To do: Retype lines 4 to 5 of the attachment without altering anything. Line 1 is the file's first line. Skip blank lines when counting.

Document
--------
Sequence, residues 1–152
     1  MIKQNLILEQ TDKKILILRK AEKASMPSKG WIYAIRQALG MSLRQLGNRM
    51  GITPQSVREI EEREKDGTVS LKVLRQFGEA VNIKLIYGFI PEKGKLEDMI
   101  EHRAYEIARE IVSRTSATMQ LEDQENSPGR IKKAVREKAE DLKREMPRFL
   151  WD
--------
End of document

   101  EHRAYEIARE IVSRTSATMQ LEDQENSPGR IKKAVREKAE DLKREMPRFL
   151  WD